Roadway Pipe Inspections: Sharing the Road with Sewers

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Evan Mowbray

Roadway Pipe Inspections: Sharing the Road with Sewers

Sewer systems are often connected along the same path as many systems are connected: through roads. You’ll often find a sewer manhole in the street rather than on the sidewalk or non-road area. These manholes are the primary access point for a lot of sewers, and therefore notable when it comes to video pipe inspections. Why are many sewer access points located on the road?

Outside of roadway adjustments over time widening the road, one of the main reasons for manholes to be in a roadway is for accessibility purposes. You may think being on the roadway would prevent manhole access considering, well, the cars going down the road, but shutting down a portion of the roadway for construction-related activity is a normal process. Roads are often the central feature of towns and cities, creating an understandable route from the surface for sewers to travel between buildings. 

Being in the public right of way also means there’s less reasons for the sewer to not be accessible. Because the manhole is in the roadway directly above the sewer system, it’s not situated on privately owned property, and because it’s not on private property, there are less hoops to jump through in order to perform an inspection. If the manhole is in the street, our team doesn’t have to park in a private yard to perform a pipe inspection, which would create a headache for property owners. While connections to the sewer main are often the responsibility of a property owner, the main sewer line is often a shared system.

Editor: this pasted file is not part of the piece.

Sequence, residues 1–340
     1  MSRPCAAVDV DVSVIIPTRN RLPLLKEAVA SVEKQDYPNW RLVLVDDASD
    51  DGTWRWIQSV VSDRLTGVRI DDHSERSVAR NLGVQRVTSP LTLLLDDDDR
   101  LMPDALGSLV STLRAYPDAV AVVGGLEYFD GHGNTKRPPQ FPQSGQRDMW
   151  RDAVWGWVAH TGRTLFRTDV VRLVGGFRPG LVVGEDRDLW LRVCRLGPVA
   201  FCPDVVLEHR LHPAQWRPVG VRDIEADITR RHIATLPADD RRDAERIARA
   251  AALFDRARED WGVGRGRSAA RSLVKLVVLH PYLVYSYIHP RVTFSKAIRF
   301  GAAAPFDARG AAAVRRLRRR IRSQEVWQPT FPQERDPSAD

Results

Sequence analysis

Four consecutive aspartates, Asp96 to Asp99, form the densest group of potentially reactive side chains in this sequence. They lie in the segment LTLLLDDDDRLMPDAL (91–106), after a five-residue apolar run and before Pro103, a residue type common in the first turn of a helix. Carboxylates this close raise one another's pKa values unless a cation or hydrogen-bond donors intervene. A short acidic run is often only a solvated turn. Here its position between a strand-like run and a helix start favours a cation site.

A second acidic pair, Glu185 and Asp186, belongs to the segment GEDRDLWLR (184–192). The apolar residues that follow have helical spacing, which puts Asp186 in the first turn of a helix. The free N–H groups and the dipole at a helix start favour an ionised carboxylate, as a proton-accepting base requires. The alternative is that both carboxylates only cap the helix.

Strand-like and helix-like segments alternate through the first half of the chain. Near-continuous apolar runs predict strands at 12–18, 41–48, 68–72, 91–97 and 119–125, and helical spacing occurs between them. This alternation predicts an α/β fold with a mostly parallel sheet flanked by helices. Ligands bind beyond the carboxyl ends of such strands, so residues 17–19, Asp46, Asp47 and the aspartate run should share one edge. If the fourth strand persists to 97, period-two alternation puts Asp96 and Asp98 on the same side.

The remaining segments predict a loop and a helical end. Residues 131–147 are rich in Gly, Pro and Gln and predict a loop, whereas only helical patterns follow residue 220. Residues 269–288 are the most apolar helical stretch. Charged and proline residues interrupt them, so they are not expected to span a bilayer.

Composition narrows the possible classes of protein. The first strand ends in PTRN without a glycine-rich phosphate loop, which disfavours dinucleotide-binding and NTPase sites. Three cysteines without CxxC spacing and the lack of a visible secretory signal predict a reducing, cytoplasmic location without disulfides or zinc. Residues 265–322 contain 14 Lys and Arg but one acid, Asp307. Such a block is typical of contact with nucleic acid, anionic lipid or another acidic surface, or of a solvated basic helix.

Another aspect is that they often avoid overlapping other utilities. There are a number of utilities you can find along the side of a roadway that provide necessary services, including gas, electric, and communication lines. While having the sewers be dedicated under the road is important in avoiding utility conflicts and/or complete utility relocations when sewers have to be replaced or repaired. We all have to share the road, and the sewer systems below it as well.

With that being said, how does our team at Trinity Subsurface manage a sewer inspection job while working on a busy roadway? It often requires a traffic control team to help perform the work. Picture a series of manholes along a roadway, stretching 800 linear feet in one direction. Our team is often parked on the road itself, and we’ve got cones set up around us along the side of the road we’re working on. We’ll work with our traffic control team to direct cars while we’re inspecting through a manhole. However, there’s a limited length you can stretch with a video pipe crawler from the van. After inspecting the pipe, we remove the crawler from the sewer, clean it off, and work with our traffic control team to move the van to a manhole further along the road, creating a full picture of the shared sewer system.

If you need your sewers inspected, our team at Trinity Subsurface can help examine the conditions from the inside, reporting on their conditions and giving recommendations on how to restore them if needed. Check out our full website to find out more about our pipe rehabilitation services, including NASSCO-certified video pipe inspections, hydro jetting, and pipe lining.

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